ALLWOOD, Ernest [of Mansfield]

Private 1/8th Sherwood Foresters

By Cliff Hughes



Born 1889 in Mansfield, Notts.Lived Greenwood's Yard, off Bridge St/Ratcliffe Gate

Had 2 younger brothers.

Went to St Peter's C of E school, Mansfield.

Ernest Allwood, a bricklayer, became a pre-war Territorial soldier in the 1/8 th Sherwood Foresters: he enjoyed the week-long summer camps. He landed in France with the 46 Division in February 1915. The Foresters had a lively introduction to the war in poor trenches at Kemmel, where the front lines were very close together. Later in the year, they were on the flank of the first German flamethrower attack, at Hooge, and played a valuable role in holding their part of the line in this attack.

In the autumn of 1915 the Foresters suffered heavy casualties in their partially successful attack on the Hohenzollern Redoubt near Loos. The battalion was in reserve at the Somme on 1 st July 1916. Ernest survived these and subsequent actions and I often wonder whether he was fortunate to be on courses or in administrative roles at crucial times. (He also mentioned being absent from the battalion as a result of the consumption of 'vin blanc'.) When his company undertook an ill-fated attack at Lens in April 1917, Ernest was not in the attacking force. His brother Horace, a miner, did take part in the attack and gave his watch and other possessions to Ernest because he didn't expect to return: he didn't return, at least for nearly 2 years, as he was taken prisoner. His descendats live in Sutton-in-Ashfield.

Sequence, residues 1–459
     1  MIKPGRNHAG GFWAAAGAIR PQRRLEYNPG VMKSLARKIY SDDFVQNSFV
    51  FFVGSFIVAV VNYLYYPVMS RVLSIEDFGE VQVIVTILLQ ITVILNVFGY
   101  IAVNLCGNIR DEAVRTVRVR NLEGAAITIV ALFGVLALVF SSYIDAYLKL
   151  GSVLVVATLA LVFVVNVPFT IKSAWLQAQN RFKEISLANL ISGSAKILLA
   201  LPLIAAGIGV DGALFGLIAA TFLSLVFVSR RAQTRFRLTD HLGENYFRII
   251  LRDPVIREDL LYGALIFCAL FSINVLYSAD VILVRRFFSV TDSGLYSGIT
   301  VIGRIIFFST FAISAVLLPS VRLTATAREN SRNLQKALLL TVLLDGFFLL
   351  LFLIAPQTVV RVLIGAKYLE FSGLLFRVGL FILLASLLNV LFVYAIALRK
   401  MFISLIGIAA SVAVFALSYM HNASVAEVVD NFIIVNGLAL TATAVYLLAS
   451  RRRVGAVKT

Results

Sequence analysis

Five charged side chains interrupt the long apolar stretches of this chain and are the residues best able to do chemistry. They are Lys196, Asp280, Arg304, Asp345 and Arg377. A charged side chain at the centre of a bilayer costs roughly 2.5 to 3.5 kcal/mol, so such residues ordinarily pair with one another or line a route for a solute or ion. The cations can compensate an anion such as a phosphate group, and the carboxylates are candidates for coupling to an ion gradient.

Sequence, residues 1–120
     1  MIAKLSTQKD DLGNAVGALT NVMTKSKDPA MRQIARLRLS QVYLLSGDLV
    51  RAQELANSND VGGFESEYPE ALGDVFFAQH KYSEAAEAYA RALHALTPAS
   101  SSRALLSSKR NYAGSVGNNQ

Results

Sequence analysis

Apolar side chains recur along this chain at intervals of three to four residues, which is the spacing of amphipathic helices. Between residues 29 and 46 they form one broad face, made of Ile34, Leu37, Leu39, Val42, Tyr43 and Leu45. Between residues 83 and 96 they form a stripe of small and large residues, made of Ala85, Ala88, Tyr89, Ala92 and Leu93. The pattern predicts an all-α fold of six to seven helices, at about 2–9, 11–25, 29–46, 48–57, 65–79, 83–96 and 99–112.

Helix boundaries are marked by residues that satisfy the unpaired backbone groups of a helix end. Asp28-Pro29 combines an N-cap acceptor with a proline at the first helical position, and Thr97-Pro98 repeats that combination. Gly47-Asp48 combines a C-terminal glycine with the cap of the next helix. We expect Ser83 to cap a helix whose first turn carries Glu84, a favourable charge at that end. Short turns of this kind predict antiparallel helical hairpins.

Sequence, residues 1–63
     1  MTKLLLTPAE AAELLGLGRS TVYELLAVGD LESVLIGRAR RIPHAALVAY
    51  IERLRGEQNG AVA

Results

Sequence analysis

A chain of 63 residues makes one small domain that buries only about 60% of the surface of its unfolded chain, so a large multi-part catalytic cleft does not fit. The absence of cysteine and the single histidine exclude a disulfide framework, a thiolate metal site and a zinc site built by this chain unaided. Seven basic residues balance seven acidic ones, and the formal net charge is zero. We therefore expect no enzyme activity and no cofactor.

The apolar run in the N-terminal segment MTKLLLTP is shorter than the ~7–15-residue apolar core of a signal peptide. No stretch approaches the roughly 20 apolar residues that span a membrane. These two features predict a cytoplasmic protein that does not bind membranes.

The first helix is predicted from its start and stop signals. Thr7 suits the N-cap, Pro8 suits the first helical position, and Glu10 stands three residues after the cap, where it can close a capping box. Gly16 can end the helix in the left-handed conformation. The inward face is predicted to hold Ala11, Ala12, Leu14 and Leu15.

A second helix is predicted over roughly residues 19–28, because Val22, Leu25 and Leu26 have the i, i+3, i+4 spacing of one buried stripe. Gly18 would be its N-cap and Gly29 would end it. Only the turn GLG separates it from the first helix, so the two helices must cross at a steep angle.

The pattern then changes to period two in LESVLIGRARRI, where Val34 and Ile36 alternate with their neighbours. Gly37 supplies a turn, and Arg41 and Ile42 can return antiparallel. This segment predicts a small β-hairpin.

Ernest was wounded later in 1917 and, fortunately, this wound kept him away from the Western Front for the remainder of the war. Following convalescence he was sent to join the 2/7 th Durham Light Infantry. This battalion was sent to northern Russia in October 1918 as part of the expeditionary force supporting the White Russians against the Russian revolutionaries. The photograph was taken in Murmansk in 1919. Ernest was a storeman there, and had a relatively cushy time, skating and enjoying his share of the stores.

Ernest was affected by his experiences. His daughter remembers him saying in his sleep “Hark at Jerry tonight” and even running downstairs in his sleep shouting “The b*****s is after me!”. He nevertheless attended the Remembrance Day parades in Mansfield annually. He became a foreman bricklayer, married in 1923, and died in 1977.

Ernest is seated front right on the photograph.

Photo: Illustrative image for the 'ALLWOOD, Ernest [of Mansfield]' page
This page was added by Cliff Hughes on 03/03/2014.

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